Chess Cheating: Red Flags When Playing Online
Cheat, cheating, cheaters

Chess Cheating: Red Flags When Playing Online

batman-collector
batman-collector
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What to watch for on Chess.com and other chess sites.

1. Disabled Chat- Not saying everyone who disables chat is a cheat, however, if one does, it should raise a red flag for you. Cheaters don't like to be accused of cheating and someone incessantly writing about how they are cheating will annoy them while they cheat and they don't like to hear it so it's possible that the cheater disabled their chat for this very reason. It might also be psychological for the cheater to believe they are "hiding" by disabling chat while they are cheating. Of course, some people just don't like to be bothered, but you should still be wary of this and with what I have dealt with so far you may as well just be better off aborting the game as soon as you see "chat disabled."

2. Time Intervals- If a player is moving at the same speed for every one of their moves, chances are they may be cheating. Human beings don't move at the same time intervals when making moves. If every move they make is an accurate one and their time interval for each move is .40, .40, .42, .39 etc., this should raise a red flag. 

3. End of Game Analysis- It's always a good idea at the end of every game to analyze the game. Players with a real high percentage after a game may raise a red flag. It's not necessarily the case, however, if you're playing someone with a very low rating and every move they make is spot on with hardly any mistakes they could be cheating you. Judge for yourself. If you believe the person you are playing is making "computeresque moves" it might be a good idea to report it and let the people at Chess.com take a look at it.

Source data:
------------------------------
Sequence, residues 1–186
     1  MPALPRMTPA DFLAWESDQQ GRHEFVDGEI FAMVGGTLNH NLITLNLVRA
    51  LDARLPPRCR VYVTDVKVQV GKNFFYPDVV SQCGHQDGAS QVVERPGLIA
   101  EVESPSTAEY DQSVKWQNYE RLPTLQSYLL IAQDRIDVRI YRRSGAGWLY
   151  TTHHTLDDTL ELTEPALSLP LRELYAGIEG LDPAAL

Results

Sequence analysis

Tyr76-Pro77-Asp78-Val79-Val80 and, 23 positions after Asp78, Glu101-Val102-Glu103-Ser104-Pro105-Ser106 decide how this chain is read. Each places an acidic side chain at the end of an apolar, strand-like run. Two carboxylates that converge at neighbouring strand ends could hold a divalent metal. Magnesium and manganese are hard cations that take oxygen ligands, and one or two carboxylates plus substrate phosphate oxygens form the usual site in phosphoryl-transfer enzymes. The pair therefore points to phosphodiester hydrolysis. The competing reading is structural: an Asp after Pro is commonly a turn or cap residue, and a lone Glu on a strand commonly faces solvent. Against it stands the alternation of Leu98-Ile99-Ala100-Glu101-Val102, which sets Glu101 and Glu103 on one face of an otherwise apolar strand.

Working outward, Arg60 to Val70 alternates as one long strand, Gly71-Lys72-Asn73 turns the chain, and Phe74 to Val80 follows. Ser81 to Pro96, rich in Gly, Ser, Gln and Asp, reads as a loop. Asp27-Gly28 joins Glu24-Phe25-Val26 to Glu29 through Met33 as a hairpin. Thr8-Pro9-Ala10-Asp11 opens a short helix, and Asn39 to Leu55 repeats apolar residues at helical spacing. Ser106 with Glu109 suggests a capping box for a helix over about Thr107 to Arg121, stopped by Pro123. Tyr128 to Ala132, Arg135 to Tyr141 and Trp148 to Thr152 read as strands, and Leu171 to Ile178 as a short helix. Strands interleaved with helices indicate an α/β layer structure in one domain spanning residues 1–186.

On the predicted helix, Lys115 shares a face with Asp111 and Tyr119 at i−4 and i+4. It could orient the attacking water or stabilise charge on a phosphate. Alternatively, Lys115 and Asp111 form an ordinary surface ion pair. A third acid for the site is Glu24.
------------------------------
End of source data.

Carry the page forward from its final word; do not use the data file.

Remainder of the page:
4. Low Rating With Bobby Fischer Precision- If a player has a low rating and they are moving with Bobby Fischer like precision chances are they are cheating. A good example of this is a game where they are constantly putting any or all of your pieces in jeopardy, no matter where you move them and their captures result in possibly putting two of your pieces in jeopardy or worse. Cheaters look to cash in big getting big points playing higher rated opponents so cheating to get big points is a juicy temptation. If the rating doesn't fit you should tell 'em to quit! And report it! 

5. Disconnecting- If a player is disconnecting from the game and coming back in again and again they might be leaving the game to "Google" or use a chess computer, type in the game piece coordinates, get their answer and come back and make their computer accurate move. Of course not all who disconnect are cheaters. Some may have bad connections, but you should be wary of this. 

6. Playing Against Their Computer While Playing You- It's hard to spot, but cheaters do it. What the cheater does is a play against the computer and uses the computer's moves as his own moves to play against you. An example of this is that if you are on Offense (white) the cheater will play the computer as offense and use the computer's Defense (black) moves against you. Best way to watch for this is the "time intervals" that were discussed in item 2. 

7. Taking Too Much Time To Make Second Opening Move- Most chess players know what they want to do in their opening moves so taking too much time between their first and second move could be a good indication of cheating. For instance, if "Sicilian Defense" is played by Black your opponent may go offline to look up a counter attack for that. Some may think that's not cheating, but it is. It's the same as looking inside a textbook to find the answer during a test. Be wary of people who do this.

In closing, if you suspect someone is cheating block and report them and let Chess.com take a look at it. They look at all the reports and analyze if the person is cheating. If they are, they may suspend their account. 

Don't Cheat! It's not worth it and it does nothing to help you learn the game. You're only cheating yourself when you cheat.